I prefer to look more qualitatively, considering the typical train length (what has been called a "lineal" by some). Where does a train of typical length fit, where may two trains meet or pass, how far apart are these locations, etc. Again, it took a lot longer to write these paragraphs than I spend on this element when considering a typical plan. But it scuttles more than a few plans whose meet/pass points are too few, too short, or too clustered.

For plans with staging, I am also considering at this step whether the number and length of the staging tracks is in balance with the passing sidings or meet/pass areas between crossovers. A ton of staging may not do much good if only two trains can be operated across the layout at once because of a lack of meet/pass points. Staging tracks much shorter than the typical meet/pass points are also an out-of-balance signal.

6) Leads, runarounds, and switchbacks (Oh, my!)

Yep, another pet peeve. The persistent overuse of switchbacks by model railroad layout designers sometimes makes a plan look busy but operate poorly. A recent published design requires five back-and-forth moves to serve one industry.

More generally, I am looking to see if runaround and lead lengths are consistent with industry track length, rolling stock and motive power length, and if many switching moves require blocking a busy mainline or moving a lot of previously placed cars at unrelated industries.

A surprising number of newbie plans contain no runaround or an unfeasibly short runaround. Or they have an 18" switchback switch lead to serve a 48" long track hosting three large industries.

This is one of the areas where I must fault the commercial press. They publish designs with these failings over and over again … it provides a very bad example for aspiring designers.


Whew! A lot of words so far for steps I usually do pretty quickly. But perhaps it will suggest areas to consider when analyzing plans on your own. Next installment: yards, Cornerstones, and PICS.

Index to all five trackplan analysis posts
My wife and I had the good fortune to see Mark Knopfler and Emmylou Harris in concert last summer in support of their All the Roadrunning album. After a fabulous solo vocal by Emmylou, Knopfler remarked to the audience, "There is only one … Emmylou Harris". I absolutely agree. She has been a favorite artist of mine for decades and I believe she is doing some of her best work now. I listened again this week to Red Dirt Girl, an album that showcases an artist still at a high point in her musicianship, but with the wisdom and strength that comes only from the experience of life's lessons learned. Moving, haunting, atmospheric … there is only one … Emmylou Harris.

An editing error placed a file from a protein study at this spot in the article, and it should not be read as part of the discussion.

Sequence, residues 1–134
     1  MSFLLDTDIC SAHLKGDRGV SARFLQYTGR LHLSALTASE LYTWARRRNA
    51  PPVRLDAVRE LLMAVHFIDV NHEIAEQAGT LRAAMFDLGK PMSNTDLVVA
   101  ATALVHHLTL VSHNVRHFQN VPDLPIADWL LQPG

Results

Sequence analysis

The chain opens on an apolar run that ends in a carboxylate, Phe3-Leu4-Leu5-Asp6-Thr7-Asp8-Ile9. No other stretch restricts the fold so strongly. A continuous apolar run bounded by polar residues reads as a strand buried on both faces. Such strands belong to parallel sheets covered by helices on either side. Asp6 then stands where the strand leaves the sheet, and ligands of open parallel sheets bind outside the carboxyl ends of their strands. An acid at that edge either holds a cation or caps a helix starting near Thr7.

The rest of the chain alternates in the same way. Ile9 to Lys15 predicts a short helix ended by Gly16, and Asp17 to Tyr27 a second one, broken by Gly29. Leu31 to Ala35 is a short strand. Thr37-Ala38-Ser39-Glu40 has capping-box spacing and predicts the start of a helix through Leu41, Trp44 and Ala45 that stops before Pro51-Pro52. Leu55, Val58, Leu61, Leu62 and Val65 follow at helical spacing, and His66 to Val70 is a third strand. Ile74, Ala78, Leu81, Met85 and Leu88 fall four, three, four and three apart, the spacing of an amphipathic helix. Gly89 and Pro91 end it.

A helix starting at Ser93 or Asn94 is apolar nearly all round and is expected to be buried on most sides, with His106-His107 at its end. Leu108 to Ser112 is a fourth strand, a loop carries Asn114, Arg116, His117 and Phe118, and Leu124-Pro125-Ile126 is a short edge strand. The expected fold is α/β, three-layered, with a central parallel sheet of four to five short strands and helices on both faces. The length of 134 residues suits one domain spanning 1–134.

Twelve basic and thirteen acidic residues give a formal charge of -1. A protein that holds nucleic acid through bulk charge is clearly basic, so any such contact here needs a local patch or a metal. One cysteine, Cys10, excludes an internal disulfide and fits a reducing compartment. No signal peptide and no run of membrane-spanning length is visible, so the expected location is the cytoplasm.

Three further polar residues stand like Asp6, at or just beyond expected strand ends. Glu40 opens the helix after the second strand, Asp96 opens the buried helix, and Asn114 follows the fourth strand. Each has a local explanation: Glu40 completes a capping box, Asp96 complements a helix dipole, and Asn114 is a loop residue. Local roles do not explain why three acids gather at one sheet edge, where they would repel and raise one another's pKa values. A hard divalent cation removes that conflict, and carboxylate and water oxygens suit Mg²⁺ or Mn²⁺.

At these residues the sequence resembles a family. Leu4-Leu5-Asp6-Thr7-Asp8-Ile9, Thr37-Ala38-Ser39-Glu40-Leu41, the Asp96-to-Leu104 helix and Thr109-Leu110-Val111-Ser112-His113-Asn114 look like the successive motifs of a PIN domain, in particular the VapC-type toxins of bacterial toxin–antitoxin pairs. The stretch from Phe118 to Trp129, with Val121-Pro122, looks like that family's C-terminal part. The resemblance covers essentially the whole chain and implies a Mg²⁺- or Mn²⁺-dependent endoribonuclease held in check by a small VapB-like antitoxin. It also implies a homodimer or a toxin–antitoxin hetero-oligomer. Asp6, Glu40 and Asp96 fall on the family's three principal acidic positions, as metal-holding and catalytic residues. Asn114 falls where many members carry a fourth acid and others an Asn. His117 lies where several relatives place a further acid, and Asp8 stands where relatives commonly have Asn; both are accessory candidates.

Sunday, October 07, 2007

Track Plan Analysis, Part 1

"Don't ask me what I think of you, I might not give the answer that you want me to." One of rock's more clever lines, penned by Peter Green in the early days of Fleetwood Mac. This phrase has been echoing in my mind recently after a couple of experiences trying to help newbie layout designers on the Internet.

Regular readers will already know my concerns about the simultaneous proliferation of cheap or free CAD software and weak layout designs on the Internet (some CAD, some pencil and paper). Undaunted, I still occasionally find myself trying to help people with their ideas (yes, I'm a slow learner). So both on-line in the forums and off-line in private emails, I've tried to offer design advice.

The outcomes are almost always disappointing. I think it's often a case of mismatched expectations and experience.

There's one group of folks posting designs who are looking only for adoration of their "baby", not for advice on how to make it better. Good luck getting these savants to incorporate needed changes. Another group possesses very little background on model railroad layout design principles but insists on pressing forward with their own design regardless. These situations can be very frustrating, because there's no common language to use: if the newbie doesn’t know what constitutes a runaround or a switchback, it's darn-near impossible to help them understand what you're trying to point out.

A final group just isn't serious about what they post. After many helpful respondents offer advice, the original poster replies, "Oh well, I'm not moving out of Mom's condo for at least two years anyway, so I'm not really sure what space I'll have." Thanks a bunch, Junior!

I enjoy helping people, but the individual interactions often seem unsatisfying for both parties. So what to do? Perhaps an answer is to spend a little time and effort in a few blog posts describing what I look for in analyzing a plan, in print, on-line, wherever.